About an inch or two higher ground clearance couldn't hurt that much. Model S frame center of gravity is already low enough [...] (Timo)
If I understand correctly, this is not so much about low center of gravity which is definitely not the primary problem in the Model S due to the battery layout. I think low ground clearance has more to do with Cd value, and everything Cd-related has a major effect on range at highway speeds.
I don't think that would affect very much, because Model S bottom is very smooth, unlike ICE cars. If you look at the Aptera, is does have considerable ground clearance while still having incredible low Cd. It is just matter of how airflow is directed to the bottom of the car. Of course this is just speculation, I'm sure they have run more than one wind tunnel test for it (I think major change to Cd from higher ground clearance would come from more wheels getting exposed with more "upright" part of the wheel as well.)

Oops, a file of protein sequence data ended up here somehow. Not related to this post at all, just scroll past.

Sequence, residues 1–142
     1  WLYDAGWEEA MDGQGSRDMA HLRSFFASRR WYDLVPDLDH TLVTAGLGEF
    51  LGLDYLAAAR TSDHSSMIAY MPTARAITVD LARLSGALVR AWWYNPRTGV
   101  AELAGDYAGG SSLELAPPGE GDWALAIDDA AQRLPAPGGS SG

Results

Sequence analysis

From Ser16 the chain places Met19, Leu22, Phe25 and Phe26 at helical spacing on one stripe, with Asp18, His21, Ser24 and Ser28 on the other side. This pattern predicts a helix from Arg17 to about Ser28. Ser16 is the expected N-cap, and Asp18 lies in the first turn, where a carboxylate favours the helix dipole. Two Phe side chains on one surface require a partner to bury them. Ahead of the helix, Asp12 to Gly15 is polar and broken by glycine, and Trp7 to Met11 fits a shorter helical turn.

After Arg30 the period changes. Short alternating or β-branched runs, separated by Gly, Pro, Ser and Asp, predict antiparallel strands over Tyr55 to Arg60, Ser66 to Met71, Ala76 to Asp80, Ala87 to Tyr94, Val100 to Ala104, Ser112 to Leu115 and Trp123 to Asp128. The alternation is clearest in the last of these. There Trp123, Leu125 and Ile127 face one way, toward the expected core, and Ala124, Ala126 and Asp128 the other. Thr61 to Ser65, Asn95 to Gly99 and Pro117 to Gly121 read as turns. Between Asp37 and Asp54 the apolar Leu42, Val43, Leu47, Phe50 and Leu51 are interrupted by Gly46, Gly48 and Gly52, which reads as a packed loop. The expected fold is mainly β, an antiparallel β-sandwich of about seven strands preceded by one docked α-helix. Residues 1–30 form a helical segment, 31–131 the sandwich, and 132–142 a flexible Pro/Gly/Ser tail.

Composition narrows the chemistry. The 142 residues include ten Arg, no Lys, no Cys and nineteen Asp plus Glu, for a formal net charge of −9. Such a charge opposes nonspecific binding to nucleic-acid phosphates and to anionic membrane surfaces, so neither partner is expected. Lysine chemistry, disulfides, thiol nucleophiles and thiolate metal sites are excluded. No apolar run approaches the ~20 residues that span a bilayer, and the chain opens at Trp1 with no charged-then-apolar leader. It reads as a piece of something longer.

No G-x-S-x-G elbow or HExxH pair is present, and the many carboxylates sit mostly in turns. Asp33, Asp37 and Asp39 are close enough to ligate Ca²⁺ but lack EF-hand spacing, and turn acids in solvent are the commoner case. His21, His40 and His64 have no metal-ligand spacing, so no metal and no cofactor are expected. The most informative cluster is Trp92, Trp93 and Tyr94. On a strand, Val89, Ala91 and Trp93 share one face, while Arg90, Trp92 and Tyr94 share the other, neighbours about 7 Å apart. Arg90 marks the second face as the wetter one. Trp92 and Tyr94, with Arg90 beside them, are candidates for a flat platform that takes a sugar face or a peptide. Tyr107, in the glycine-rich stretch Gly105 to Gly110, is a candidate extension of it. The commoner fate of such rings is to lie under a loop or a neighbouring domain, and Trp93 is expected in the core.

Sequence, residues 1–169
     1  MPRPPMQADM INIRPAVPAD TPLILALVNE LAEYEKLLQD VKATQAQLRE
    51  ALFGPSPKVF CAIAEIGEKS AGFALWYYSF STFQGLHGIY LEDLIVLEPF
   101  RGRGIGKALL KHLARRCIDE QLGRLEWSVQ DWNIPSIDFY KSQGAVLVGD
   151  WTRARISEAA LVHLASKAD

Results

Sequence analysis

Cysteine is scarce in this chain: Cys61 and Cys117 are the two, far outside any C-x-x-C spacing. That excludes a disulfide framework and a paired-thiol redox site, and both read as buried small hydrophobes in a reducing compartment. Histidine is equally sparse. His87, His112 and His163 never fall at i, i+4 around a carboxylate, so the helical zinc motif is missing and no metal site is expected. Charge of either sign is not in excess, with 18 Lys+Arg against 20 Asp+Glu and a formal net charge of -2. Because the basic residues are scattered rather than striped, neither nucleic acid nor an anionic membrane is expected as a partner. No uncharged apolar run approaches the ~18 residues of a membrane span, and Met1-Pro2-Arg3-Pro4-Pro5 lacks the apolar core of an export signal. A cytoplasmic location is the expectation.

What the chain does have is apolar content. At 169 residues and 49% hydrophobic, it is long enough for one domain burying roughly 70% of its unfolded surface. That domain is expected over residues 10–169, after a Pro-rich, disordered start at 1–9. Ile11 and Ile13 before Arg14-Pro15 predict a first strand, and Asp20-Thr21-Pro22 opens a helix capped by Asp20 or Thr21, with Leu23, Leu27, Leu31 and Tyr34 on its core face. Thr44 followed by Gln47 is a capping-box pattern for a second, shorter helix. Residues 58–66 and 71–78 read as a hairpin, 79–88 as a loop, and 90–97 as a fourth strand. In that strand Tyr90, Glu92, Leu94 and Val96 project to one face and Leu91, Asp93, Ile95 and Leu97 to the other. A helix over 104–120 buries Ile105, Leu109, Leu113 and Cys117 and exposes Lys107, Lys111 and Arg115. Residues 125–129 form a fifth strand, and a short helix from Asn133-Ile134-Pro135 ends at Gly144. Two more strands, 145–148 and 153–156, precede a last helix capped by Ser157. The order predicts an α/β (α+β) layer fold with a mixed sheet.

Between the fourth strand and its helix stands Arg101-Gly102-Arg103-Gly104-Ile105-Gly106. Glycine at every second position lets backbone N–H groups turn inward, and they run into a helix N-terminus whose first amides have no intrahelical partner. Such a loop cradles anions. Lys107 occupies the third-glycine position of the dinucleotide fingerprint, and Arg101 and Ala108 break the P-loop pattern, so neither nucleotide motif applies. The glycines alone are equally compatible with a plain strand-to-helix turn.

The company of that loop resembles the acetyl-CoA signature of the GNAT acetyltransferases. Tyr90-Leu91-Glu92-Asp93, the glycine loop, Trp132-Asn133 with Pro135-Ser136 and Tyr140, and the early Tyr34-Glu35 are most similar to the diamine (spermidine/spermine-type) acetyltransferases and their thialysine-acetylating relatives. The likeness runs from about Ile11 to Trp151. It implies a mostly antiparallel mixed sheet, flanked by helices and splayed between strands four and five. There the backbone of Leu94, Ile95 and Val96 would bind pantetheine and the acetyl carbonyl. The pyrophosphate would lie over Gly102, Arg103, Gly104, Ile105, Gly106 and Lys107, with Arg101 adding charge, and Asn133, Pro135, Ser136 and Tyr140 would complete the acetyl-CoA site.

Anyway, I'm still Tesla follower, I'll just wait for them to make car that fits my needs. Nobody else is making EV:s that come even close to anything Tesla is making. With all those "drawbacks" I complain about they are still the best there is.
Wishlist: 4WD WRC-car -like agile hatchback with enough ground clearance that it doesn't get scared with small deviation from tarmac. That would be car for me. (There is enough power available in Model S to make absolutely crazy rally car with double-engine approach).
You are waiting for the 4WD Model X without knowing.